Prospects good for Michigan grouse hunters

By Darin Potter

Lansing — Hunters throughout the state in pursuit of upland birds and small game can expect another successful season this fall. Upland game birds like ruffed grouse and woodcock should be found in good numbers, and rabbits and squirrels are plentiful.

“The 2013 fall ruffed grouse and woodcock numbers could be similar if not a little bit lower statewide compared to 2012. With favorable annual production, hunters could take approximately 240,000 grouse and 74,000 woodcock in 2013,” Al Stewart, the DNR’s upland game bird specialist, told Michigan Outdoor News. “Although spring arrived two weeks later than normal in 2013, the warm, average weather conditions this year may have a positive impact on brood survival. If we have favorable production this spring, I anticipate fall ruffed grouse and woodcock numbers could be similar to or only down slightly from last year.”

Stewart said grouse drumming counts were down this spring.

Using data from 87 routes run in 2012 and 2013, statewide there was a 10.3-percent decrease in the average number of drums heard per route between 2012 (11.8) and 2013 (10.6).

The drumming counts were highest in Zone 1 (14.5 drums per route), followed by Zone 2 (9.4) and Zone 3 (6.4).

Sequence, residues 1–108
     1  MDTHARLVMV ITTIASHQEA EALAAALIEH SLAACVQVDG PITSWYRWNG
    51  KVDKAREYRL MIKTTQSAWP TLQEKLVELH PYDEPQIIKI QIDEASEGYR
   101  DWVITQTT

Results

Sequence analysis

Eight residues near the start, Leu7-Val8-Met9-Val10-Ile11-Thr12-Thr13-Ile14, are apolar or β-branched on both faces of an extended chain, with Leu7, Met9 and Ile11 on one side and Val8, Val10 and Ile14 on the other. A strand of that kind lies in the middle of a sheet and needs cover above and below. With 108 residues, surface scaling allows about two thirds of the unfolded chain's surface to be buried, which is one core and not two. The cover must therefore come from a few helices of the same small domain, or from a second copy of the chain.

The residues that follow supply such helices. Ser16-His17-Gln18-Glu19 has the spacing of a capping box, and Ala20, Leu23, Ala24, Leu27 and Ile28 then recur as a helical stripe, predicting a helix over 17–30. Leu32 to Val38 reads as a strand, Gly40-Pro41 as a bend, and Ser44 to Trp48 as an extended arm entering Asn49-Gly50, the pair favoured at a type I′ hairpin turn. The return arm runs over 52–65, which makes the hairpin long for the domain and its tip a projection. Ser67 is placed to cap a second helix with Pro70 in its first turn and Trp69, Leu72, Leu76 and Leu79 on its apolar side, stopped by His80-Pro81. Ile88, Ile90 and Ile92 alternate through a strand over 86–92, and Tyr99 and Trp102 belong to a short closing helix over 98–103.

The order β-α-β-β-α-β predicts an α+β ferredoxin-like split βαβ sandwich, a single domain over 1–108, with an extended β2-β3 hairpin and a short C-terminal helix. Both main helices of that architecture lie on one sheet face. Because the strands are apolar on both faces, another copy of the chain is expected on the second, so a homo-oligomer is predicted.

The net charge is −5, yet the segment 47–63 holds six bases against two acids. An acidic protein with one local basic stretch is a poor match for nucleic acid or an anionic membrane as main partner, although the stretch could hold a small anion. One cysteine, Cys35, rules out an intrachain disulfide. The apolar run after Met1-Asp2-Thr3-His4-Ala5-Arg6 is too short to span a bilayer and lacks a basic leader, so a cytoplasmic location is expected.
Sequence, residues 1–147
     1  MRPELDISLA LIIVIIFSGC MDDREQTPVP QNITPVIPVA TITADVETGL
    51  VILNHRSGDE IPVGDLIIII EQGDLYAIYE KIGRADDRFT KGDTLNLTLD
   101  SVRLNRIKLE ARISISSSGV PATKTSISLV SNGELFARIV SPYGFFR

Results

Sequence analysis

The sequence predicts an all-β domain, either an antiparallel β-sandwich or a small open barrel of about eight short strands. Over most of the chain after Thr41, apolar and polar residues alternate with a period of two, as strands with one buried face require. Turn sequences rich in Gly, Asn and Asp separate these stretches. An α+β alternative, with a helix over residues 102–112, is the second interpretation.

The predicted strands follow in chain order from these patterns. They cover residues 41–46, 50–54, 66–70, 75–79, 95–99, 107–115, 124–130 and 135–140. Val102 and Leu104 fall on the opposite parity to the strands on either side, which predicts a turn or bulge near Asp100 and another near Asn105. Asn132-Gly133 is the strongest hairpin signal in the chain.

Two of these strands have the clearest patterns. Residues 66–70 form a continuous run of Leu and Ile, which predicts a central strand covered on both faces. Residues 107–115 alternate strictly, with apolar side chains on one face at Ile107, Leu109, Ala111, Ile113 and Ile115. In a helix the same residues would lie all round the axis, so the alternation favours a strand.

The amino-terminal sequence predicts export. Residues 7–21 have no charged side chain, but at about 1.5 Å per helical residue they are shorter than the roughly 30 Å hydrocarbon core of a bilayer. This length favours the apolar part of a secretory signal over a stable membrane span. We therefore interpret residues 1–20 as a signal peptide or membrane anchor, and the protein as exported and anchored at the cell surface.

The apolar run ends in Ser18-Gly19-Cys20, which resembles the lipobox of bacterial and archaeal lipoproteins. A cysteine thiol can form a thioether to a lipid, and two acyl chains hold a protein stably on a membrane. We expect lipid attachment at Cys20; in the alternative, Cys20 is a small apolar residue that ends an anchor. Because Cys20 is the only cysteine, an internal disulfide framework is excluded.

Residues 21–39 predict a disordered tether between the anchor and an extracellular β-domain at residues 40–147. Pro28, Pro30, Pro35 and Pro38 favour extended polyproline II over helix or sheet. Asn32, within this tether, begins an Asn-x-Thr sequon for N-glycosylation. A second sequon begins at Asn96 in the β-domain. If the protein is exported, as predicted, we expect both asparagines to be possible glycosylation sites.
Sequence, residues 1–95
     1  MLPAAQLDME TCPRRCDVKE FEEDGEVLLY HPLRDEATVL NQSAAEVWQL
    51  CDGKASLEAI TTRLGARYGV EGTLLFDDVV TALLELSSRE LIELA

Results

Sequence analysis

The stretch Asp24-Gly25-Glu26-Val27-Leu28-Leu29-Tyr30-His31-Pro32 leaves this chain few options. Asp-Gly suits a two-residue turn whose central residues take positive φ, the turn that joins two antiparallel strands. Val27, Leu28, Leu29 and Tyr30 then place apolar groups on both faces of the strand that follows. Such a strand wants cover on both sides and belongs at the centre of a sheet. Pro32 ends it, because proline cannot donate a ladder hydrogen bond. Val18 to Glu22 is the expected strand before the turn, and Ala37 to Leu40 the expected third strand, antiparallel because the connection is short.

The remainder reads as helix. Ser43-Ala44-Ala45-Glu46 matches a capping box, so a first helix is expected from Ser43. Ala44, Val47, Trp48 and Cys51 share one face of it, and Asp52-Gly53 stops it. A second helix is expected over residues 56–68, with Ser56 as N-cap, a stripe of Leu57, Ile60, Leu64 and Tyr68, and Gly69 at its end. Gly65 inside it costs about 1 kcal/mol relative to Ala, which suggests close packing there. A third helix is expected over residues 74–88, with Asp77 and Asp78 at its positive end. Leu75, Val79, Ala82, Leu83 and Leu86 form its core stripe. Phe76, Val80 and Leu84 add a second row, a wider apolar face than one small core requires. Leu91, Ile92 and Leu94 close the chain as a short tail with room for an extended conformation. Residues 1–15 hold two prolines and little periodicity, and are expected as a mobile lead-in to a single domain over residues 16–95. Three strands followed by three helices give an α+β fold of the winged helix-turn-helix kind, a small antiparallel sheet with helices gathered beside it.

Grouse season runs Sept. 15 to Nov. 14, then re-opens Dec. 1 to Jan. 1. The woodcock season opens Sept. 21 and ends Nov. 3.

When hunting woodcock, a Harvest Information Program endorsement is required. The HIP survey takes about a minute to complete and must be added by the agent when you purchase a small-game license.

A relatively new tool created by the DNR called, MI-Hunt ( gives hunters the ability to scout areas ahead of the season by viewing land from aerial photos and learning the habitat online. With 10 million acres of public land in Michigan, it’s not difficult to find areas that hold upland game birds or game animals, according to Stewart.

“Bird hunters have found this tool to be very helpful for viewing different forest types, topography, satellite imagery, and road layers – all from the comfort of their own home. There’s even a tutorial designed for grouse hunters,” he said.

Calling the local wildlife biologist before the season is also a good way to find areas that hold game.

Read the rest of the Outdoor News article

No comments:

Post a Comment